Mayor orders police review of mistaken open carry arrest (with video)

August 13, 2012
photo - Colorado Springs Mayor Steve Bach Photo by
Colorado Springs Mayor Steve Bach Photo by  

At the behest of the mayor and police chief, Colorado Springs police will conduct an “expedited review” of the mistaken arrest of a man openly carrying a pistol at Acacia Park in July.

Barbara Miller, police spokeswoman, wrote in a release that the Mayor Steve Bach and Police Chief Pete Carey agreed that the chief will immediately launch an investigation into the 24-year-old’s man July 21 arrested for an outdated law banning guns in parks.

Guns are allowed to be openly carried in public parks in Colorado Springs and police later admitted the arrest was a mistake.

According to the release, Carey will “take all action necessary to ensure the Colorado Springs Police Department is consistent and appropriate in its actions in this type of situation.”

James Sorensen told the Gazette that he was on his way back to his vehicle from PrideFest when he was asked to leave the park by police. When he asked the officer for his identification, he was detained. In a posted on YouTube, Sorensen is seen asking police several times if he can leave and is told he can’t. Police told him that he was being held because he wasn’t allowed to carry a gun in the park.  Sorensen was arrested and said he was held in a cell for about an hour and then given a ticket.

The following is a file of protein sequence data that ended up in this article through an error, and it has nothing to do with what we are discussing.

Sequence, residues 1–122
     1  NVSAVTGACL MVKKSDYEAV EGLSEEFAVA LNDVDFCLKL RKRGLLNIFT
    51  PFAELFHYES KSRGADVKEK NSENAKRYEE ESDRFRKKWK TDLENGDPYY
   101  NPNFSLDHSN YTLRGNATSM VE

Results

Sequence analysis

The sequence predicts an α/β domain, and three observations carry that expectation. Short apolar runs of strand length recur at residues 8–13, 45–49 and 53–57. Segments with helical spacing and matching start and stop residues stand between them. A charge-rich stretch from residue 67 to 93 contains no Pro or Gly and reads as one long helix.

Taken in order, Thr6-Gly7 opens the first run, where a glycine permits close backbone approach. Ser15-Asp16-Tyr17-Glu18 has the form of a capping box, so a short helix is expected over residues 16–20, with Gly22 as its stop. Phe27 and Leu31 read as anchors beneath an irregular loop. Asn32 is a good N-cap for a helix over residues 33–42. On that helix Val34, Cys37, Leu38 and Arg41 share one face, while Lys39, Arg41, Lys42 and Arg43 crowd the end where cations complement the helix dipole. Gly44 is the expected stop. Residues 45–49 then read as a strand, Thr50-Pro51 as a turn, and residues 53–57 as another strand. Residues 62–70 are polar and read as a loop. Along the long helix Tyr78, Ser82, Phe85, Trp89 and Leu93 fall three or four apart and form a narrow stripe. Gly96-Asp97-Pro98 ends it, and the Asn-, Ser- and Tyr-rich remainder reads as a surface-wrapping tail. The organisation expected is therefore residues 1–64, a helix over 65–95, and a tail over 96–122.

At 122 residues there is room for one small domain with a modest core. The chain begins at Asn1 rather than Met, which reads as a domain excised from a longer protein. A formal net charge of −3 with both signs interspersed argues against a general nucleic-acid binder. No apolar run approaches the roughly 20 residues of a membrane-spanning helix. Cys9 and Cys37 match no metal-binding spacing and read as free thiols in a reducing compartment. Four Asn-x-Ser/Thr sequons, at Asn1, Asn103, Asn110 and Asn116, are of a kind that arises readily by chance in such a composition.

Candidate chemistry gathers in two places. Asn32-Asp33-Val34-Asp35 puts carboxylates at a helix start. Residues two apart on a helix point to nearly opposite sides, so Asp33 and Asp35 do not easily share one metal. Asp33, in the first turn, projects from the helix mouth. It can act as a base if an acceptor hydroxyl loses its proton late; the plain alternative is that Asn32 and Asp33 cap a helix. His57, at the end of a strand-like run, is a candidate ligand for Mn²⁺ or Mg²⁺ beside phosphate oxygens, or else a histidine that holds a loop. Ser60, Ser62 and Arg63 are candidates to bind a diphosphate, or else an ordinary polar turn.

He was later given his gun back and the ticket was dismissed. Police say there will be no record of the arrest.

Miller said last week that officers may have been mistaken because of an outdated “cheat sheet”, which outlines city laws. The sheet cites an old law which prohibited openly carried guns in parks. That law was changed almost a decade ago. Still, she said officers are still required to look up the actual wording of the law if they aren’t sure of it.  The “cheat sheet” has since been updated.

Miller said police are reviewing why it was so outdated in the first place, and why officers did not research the law before the arrest.

Sorensen said Monday night that he was surprised the mayor took an interest in the case.

"It's nice to see that the mayor cares about his citizens," he said. "I thought my complaint would hit the police chief's desk and he would take care of it. For the mayor to step in is kind of nice."

He said he has filed a formal complaint against the department and has been notified that an internal investigation is being conducted, but hasn't yet been interviewed for that investigation.

Since his arrest, Sorensen said he has been contacted by several gun rights advocates who support his cause.

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